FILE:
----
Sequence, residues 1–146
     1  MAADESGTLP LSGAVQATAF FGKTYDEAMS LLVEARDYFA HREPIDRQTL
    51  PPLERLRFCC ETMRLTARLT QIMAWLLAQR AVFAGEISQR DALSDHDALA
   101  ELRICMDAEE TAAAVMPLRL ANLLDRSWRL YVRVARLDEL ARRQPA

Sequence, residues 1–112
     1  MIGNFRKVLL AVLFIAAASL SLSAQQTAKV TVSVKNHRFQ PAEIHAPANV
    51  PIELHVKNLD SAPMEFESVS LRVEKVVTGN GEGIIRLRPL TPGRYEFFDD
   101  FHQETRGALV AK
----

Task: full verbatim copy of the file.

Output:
Sequence, residues 1–146
     1  MAADESGTLP LSGAVQATAF FGKTYDEAMS LLVEARDYFA HREPIDRQTL
    51  PPLERLRFCC ETMRLTARLT QIMAWLLAQR AVFAGEISQR DALSDHDALA
   101  ELRICMDAEE TAAAVMPLRL ANLLDRSWRL YVRVARLDEL ARRQPA

Sequence, residues 1–112
     1  MIGNFRKVLL AVLFIAAASL SLSAQQTAKV TVSVKNHRFQ PAEIHAPANV
    51  PIELHVKNLD SAPMEFESVS LRVEKVVTGN GEGIIRLRPL TPGRYEFFDD
   101  FHQETRGALV AK